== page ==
Takaful, or Islam-compliant insurance, operators will need to focus on underwriting quality, cost management and investment discipline as financial performance remains a challenge for many markets in the current fluctuating investment environment.
Investment returns are low under current economic conditions, so takaful operators have to rely more on underwriting profit, said Marcel Omar Papp , head of retakaful at Swiss Re.
Investment is one challenge for takaful operators, who tend to rely on equities or real estate, which are more volatile than other investment opportunities. "It’s often difficult for them to get a share of other Shariah-compliant investment tools such as sukuks [Islamic bonds] as they tend to be oversubscribed," said Papp. "A dearth of Shariah-compliant capital market instruments is exerting pressure on returns," said Brandon Bruce , senior executive officer of assurance at consultancy Ernst & Young.
Some companies have high direct exposure to equity markets to maximize returns. In general, Bruce noted "there is less strategic planning seen and a more ad-hoc approach to investment portfolio management." In several countries, more stringent regulations will restrict this practice. Takaful operators from Gulf Cooperation Council countries including Saudi Arabia, United Arab Emirates, Qatar, Oman, Bahrain and Kuwait adopted a more aggressive investment strategy with 44.3% of the typical portfolio in real estate and equities in 2010, compared to 32.1% for Malaysian operators on average. Consequently, GCC operators recorded more volatile investment returns of 3% in 2010, -4% in 2009 and -2% in 2008, according to Ernst & Young. Malaysian operators on average posted stable investment yields of 3% or 4% over the past five years. Takaful operators mainly raise capital through debt, equity or decreasing risk. Papp said most operators "seem to be well capitalized" as many companies have only been set up in the past few years and their business volumes are not yet significant. Most takaful companies are "highly capitalized" at this early stage of development, with sufficient levels to achieve operational maturity, according to an A.M. Best Co. report. In many cases, takaful funds have low levels of excess resources as these are retained at the operator/shareholder level.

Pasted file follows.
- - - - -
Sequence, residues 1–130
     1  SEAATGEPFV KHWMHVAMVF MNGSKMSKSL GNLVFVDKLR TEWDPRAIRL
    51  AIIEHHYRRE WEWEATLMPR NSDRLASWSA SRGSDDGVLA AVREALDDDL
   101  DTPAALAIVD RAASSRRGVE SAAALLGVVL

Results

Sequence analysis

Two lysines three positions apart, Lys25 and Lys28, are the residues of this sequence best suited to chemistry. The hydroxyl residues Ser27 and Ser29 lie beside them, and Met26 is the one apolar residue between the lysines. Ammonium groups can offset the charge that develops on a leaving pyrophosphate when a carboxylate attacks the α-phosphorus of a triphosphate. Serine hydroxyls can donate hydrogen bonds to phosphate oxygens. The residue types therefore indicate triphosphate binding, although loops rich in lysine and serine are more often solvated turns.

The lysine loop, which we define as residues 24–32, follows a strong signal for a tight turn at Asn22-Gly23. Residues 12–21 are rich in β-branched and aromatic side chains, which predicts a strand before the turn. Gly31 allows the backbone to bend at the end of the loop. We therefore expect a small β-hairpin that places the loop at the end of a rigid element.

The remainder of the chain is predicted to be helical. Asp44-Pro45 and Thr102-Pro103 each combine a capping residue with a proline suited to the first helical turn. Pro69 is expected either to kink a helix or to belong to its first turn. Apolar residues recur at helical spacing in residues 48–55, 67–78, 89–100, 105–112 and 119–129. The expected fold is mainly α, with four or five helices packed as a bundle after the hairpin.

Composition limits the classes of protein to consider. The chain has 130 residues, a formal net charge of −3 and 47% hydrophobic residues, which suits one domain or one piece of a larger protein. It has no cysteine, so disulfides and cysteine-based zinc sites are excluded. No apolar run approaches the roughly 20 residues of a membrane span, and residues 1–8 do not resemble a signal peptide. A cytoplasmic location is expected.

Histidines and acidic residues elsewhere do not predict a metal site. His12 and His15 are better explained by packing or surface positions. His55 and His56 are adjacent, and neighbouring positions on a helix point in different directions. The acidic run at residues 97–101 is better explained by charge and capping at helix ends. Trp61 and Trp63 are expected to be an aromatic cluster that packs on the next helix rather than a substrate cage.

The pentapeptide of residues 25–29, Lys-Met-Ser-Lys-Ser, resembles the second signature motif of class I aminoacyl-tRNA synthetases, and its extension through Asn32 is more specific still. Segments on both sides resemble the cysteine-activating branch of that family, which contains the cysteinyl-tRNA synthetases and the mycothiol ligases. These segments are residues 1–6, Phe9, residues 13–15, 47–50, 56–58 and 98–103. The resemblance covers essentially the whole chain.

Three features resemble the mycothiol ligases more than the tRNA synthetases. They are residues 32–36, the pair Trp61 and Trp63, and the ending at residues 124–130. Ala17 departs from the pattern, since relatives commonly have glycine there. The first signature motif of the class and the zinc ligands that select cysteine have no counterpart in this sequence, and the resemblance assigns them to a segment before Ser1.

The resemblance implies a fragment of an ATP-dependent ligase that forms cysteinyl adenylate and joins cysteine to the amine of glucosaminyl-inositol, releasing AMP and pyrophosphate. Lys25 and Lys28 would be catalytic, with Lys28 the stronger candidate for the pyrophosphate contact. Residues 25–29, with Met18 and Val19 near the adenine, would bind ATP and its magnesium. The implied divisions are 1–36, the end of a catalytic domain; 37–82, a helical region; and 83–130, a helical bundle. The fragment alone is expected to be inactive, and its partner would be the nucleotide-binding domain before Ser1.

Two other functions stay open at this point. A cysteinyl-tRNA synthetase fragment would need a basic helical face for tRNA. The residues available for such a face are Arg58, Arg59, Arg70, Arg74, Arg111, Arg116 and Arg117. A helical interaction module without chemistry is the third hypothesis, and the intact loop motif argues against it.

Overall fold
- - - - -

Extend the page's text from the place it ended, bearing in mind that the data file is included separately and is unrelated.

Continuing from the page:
With expected growth and new risk-based capital regulations, this may change. "The volatile capital markets do not help as takaful operators may be over-exposed to religiously acceptable, but potentially volatile of ill-liquid assets such as equities or real estate," said Papp. Papp noted the capital needs of takaful operators may rise in the short to medium term. With rising equity costs and limited Islamic debt instruments, Papp said retakaful may become another viable option to meet increasing capital needs. On the underwriting side, Papp said "there is an inherent danger that a company maximizes its income by increasing its business too much." Companies will be in difficulty once premiums stop rising and claims catch up. Most takaful operators have yet to achieve critical business volume and expense ratios remain higher than conventional insurers. Also service quality remains "sub-optimal" for many operators, said Bruce. Takaful operators need to earn sufficient wakala [agency] fees for the shareholder fund to meet operational expenses.
Ensuring profitability may lead to "substandard risks being accepted to boost volume and growth," bringing negative impacts on loss ratios, said Bruce. Bruce also noted "complex risks are not well understood and potentially mispriced." Portfolio are "sub-optimal" for many operators, with concentrations in motor lines for general takaful and single contribution mortgage and credit term business for family takaful. Access to lucrative commercial lines is limited due to under-developed broker relationships. In various countries, Papp said takaful operators show more mixed results than conventional insurers. General takaful operators in Malaysia recorded better results than conventional insurers but the case was opposite in the Middle East. Most general takaful operators tend to compete with conventional insurers on price because most start-up companies are falling behind their original business plans, said A.M. Best in its report. Takaful operators’ financial performance tend to be inferior to conventional insurers, it added. The nature of risk sharing makes takaful more suited to personal lines, which tend to be less volatile but with lower margins than commercial lines. Takaful operators also encounter additional costs for Shariah compliance. Papp said "the shareholder of a takaful operator should expect a lower profit margin but maybe also more stable profits compared to a conventional insurer." Overall, family business is more profitable than general takaful and is growing at a fast pace, said A.M. Best. "Family takaful is also outpacing conventional life insurance, thereby representing the greatest opportunity for profitable growth of takaful operators," A.M. Best said.